If COVID-19 cannot be eradicated, it appears that the most likely outcome is that aggressive social distancing mechanisms will bring it under control, followed by vigilant containment effort to keep it under control, until effective vaccines are developed and widely administered. While experts insist that at minimal it takes between 12 and 18 months to deploy vaccines, I want to note that while the 2009 pandemic HIN1 flu virus was identified in April 2009, vaccines for it were widely administered by November 2009.

Cybersecurity Knowledge for Analyzing Pandemics

My research interests are in cybersecurity and data privacy. While I was aware of the impact of the COVID-19 in China, I started examining COVID-19 numbers carefully only on Feb 27. My son signed up for his high school orchestra's Spring break (Mar 14 to 21) trip to Orlando, FL, and I needed to decide whether he could go. He had been looking forward to the trip for a year, so I needed solid reasons if I decided that he could not go. The case numbers in the US were low then. On Feb 29, CDC reported there were 22 domesticate cases and 47 cases from evacuees from Wuhan and the Diamond Princess cruise ship. However, the numbers from other countries where COVID-19 started spreading earlier showed a clear exponential growth. Each day the number of total cases is about 4 times the number of new cases for that day, meaning approximately 33% daily growth rate. This pattern eerily held for every European country with significant number of cases every day. The growth reminded me of the early phases of internet worms spreading. When I saw the US case number started this trend on Mar 1, and the trend continued the next day, I immediately knew that the situation will be dire unless drastic actions are taken. While I easily convinced my son that he should not go (he understands the power of exponential growth), I was hooked to looking at the numbers every day.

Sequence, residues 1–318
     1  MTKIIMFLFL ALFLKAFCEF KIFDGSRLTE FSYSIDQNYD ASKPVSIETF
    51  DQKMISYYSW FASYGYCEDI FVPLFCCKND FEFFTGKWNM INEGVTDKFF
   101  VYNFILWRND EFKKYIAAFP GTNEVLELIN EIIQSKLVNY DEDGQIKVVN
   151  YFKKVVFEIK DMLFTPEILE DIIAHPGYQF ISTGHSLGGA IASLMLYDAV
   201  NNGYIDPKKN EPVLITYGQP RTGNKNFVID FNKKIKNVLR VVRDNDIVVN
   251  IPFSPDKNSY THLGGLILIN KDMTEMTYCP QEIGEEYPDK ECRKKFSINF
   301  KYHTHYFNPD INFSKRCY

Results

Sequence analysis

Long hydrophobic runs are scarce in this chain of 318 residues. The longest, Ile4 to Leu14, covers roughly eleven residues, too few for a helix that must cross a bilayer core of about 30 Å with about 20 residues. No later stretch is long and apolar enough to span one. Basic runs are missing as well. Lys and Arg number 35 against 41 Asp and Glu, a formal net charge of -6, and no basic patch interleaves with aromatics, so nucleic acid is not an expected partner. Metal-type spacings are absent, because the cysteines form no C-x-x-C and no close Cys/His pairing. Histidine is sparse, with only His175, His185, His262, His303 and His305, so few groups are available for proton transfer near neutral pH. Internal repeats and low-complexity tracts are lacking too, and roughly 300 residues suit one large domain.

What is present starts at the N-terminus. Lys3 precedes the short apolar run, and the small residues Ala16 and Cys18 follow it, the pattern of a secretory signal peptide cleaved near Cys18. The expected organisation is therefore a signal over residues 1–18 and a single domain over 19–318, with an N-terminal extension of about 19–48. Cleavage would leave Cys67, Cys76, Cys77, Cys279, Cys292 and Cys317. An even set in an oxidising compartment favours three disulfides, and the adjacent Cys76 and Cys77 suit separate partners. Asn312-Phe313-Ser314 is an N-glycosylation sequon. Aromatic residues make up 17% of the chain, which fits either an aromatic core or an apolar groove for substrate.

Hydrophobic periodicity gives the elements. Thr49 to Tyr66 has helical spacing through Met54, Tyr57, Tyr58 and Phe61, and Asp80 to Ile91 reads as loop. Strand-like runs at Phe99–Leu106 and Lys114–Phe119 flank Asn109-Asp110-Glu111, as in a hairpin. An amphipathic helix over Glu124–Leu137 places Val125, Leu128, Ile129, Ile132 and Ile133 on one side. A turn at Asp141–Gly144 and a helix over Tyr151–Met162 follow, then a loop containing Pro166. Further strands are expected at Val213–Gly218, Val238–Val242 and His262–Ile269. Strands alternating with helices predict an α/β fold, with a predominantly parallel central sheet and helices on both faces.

I started engaging others in the discussions on COVID-19 on March 3, mostly on wechat groups, with my former classmates from high school and college, and other professional groups and alumni groups. I found that few people saw the same things as I did. I had resigned to simply sit back and watch the situation develop. However, after reading Testimony of a Surgeon working in Bergamo on Mar 8, I was deeply touched. The doctor's first-person account turned the abstract numbers in my mind into vivid human suffering. I felt anxious and frustrated. I told my friends: “I am watching a train wreck going to happen, yet can do nothing to help.” After sending that message, I began to think maybe there is something I could do. I could share my observations and analysis and try to influence the situation.